With 288,000 Instagram followers, Sahur Saleim knows a thing or two about giving an audience what they want. The type of content she puts out? Makeup tutorials, which she’s been posting online for nearly a decade. In addition, she runs two beauty businesses: Sahur’s Art Beauty, a cosmetics range; and Sahur’s Art Academy, which holds makeup masterclasses. The 24-year-old talks to us about her entrepreneurial ventures, being skin-positive and why she doesn’t think she places too much emphasis on beauty.
Tell us more about Sahur’s Art Beauty and Sahur’s Art Academy.
Sahur’s Art Beauty makes products that are not only vegan and cruelty-free, but also designed with inclusivity in mind, which means they complement a variety of complexions and undertones. As for Sahur’s Art Academy, it’s a platform for beauty education. Having been in the industry for the past seven years, I have a ton of knowledge on beauty techniques and products, and among other things I hope this knowledge helps consumers make more informed purchasing decisions.
How are your products different from others in the market?
The products are inspired by fine art pieces. For example, our palettes Mona and Starry take inspiration from what we think Da Vinci and Van Gogh’s oil paint palettes would have looked like when [they were] working on their famous pieces. The Mona palette has an array of pinks, oranges and browns while Starry has yellows and blues.
You’re known for being skin-positive. What does that mean in terms of how you present yourself on social media?
It’s about depicting my skin as it is—to be honest about my skin and how it changes. A lot of digital content creators feel the pressure to look their best every single time, so they opt for drastic surgical procedures or use editing apps. While I agree these tools can help with the mental health of the users, they push false standards of beauty onto the audience. Who can look so good all the time? To me, it’s a really tricky situation where one party is always feeling worse off. As such, I try my best to show my skin as it is even on the bad days. I don’t like to use smoothing or blurring filters on Instagram stories and always turn off Beauty mode on TikTok.
Have you ever felt undermined for being an influencer?
A bunch of times—people don’t take my career seriously and I have had to constantly prove myself to those around me. I sometimes get mean comments, but I’ve come to accept that I just cannot please everyone. I deal [with it] by focusing on the bright side of things.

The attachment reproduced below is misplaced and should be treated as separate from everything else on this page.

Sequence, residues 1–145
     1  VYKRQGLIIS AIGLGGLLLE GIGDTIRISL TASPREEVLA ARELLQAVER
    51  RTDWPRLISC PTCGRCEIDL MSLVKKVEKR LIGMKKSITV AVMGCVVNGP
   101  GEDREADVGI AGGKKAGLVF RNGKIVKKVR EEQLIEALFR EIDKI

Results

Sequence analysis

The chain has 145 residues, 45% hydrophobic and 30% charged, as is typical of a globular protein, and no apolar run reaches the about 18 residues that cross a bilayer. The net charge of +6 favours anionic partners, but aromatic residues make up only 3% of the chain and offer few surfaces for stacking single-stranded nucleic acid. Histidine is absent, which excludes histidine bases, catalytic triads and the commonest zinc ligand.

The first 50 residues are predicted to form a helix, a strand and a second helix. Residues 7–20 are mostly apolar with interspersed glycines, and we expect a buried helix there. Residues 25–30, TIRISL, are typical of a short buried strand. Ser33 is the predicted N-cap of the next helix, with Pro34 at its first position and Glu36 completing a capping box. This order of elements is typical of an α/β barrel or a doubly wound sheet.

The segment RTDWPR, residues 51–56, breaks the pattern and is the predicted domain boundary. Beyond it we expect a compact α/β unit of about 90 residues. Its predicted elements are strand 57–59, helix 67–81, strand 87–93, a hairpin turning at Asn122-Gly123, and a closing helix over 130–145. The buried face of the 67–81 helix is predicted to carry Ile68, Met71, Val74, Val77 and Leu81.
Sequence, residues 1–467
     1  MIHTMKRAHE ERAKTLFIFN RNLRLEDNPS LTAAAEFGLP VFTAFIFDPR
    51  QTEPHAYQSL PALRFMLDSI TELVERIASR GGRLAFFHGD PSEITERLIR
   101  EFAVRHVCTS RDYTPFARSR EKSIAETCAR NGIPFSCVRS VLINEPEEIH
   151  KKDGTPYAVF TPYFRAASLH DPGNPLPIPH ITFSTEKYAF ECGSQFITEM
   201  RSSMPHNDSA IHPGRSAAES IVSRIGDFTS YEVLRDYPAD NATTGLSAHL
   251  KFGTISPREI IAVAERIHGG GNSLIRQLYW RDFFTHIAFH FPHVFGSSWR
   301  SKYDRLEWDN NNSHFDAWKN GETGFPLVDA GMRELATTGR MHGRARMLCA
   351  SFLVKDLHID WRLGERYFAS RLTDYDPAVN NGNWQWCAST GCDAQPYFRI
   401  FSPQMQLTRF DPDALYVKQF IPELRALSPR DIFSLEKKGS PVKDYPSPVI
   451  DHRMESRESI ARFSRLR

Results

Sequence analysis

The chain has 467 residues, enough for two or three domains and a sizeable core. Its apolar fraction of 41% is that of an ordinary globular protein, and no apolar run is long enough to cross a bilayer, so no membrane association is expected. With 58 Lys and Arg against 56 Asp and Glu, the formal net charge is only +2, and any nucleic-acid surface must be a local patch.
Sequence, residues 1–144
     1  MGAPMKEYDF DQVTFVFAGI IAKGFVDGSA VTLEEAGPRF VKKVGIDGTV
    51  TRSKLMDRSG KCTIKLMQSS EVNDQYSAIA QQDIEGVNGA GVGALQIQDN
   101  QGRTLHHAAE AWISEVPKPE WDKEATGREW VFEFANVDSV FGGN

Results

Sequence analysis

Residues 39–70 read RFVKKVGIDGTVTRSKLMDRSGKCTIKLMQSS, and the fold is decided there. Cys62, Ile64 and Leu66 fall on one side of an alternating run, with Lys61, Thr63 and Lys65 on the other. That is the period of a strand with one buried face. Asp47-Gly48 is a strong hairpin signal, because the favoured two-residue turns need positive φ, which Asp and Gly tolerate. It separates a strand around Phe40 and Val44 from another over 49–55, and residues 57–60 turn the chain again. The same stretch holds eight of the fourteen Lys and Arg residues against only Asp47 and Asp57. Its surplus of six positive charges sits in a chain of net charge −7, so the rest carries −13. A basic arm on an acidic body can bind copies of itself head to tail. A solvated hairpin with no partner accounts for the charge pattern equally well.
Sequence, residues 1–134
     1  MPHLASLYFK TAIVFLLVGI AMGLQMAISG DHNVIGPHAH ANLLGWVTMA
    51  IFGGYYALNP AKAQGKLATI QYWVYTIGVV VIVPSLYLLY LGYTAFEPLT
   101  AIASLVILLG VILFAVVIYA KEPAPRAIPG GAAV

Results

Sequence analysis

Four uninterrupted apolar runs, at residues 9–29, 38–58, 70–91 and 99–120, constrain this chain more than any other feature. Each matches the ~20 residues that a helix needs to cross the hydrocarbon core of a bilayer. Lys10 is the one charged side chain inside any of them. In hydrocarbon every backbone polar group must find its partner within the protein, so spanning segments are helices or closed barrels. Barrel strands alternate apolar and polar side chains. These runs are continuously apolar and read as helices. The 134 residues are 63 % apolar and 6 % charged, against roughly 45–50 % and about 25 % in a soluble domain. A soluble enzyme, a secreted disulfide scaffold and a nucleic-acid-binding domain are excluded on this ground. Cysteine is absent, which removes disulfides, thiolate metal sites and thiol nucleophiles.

How do you stay confident?
By working hard and bringing professionalism into every project. Setbacks are hard to avoid, so it’s important to remember why I started and use that as a reason to keep going.
What’d you say to someone who thinks that you place too much emphasis on beauty?
I’d disagree—I’m not always out and about in heels and a full face of makeup. I enjoy exploring different techniques but it doesn’t come from a place of needing to look a certain way for validation, in the same way a personal trainer helps others shape up without imposing unhealthy body standards. Everything in moderation! I find meaning in what I do because I consider makeup to be my art form, but while I’m happy to teach people how to enhance their features, I also accept that it’s not a necessity.
How has the way in which you engage with your audience evolved over the years?
The algorithm is constantly changing and I have had to adapt. People used to enjoy long, chatty videos, but with the rise of TikTok, it’s all about creating maximum impact in the shortest time span. I used to create a lot of images, but these days I’m more focused on creating short-form videos!
Tell us some challenges you’ve had in running your own businesses.
We launched in the middle of the pandemic, so our start was far from rosy. Plus, in being an indie brand, we’ve had to put in a lot of work to distinguish ourselves from other brands out there. We try our best to maintain a comfortable working environment and place emphasis on taking rest and sufficient breaks. This keeps us going during the tough times, especially with how small the team is.
What about creative burnout—how do you ensure that you always have new ideas?
I’d say rest is key. You have to allow your mind and body to recharge and that means taking time off work and participating in other activities. I always feel most refreshed and creative after a restful weekend.
What do you get up to outside of work?
I like painting and strength training. With the pandemic, I felt listless being at home all the time, so I engaged a personal trainer and it has been my best investment ever. I’ve been having the best sleep and [I] feel so strong.
You got married recently. What are some of the things you’re adapting to as a wife?
After five years of being in a long-distance relationship, I can finally go back to a decent sleep schedule as my husband now lives here. That’s been great!
In your experience, how much do Singaporean men know about makeup?
I think with the surge in online beauty content, more men are beginning to understand makeup. My own family knows way more about makeup than I can believe! That said, with the advancement of products, it can be hard to tell when a person has makeup on. One can wear a full face of makeup that gives a no-makeup look.
Share with us a simple skincare routine any dude can (and should) do.
Moisturiser, sunscreen and lip balm.
It’s important that men also put in effort to have a skincare routine because…
The skin is our largest organ and we ought to take care of it. We also have to be consistent with our sun care, given our tropical climate.
What’s next for you?
We’re hoping to expand our product range to fulfil our audience’s requests for more unique products!
Photography: Hazirah Rahim
Fashion Editor: Gordon Ng
Photography assistance: David Bay
Grooming: Sha Shams
This story was first published in the November 2022 issue of Esquire Singapore.